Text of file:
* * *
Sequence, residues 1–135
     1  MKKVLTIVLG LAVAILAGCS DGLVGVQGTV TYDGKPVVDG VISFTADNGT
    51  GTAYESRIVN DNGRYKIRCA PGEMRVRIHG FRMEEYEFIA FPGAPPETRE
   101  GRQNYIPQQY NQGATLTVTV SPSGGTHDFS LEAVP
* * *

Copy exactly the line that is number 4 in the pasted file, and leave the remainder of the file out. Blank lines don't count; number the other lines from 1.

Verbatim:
   101  GRQNYIPQQY NQGATLTVTV SPSGGTHDFS LEAVP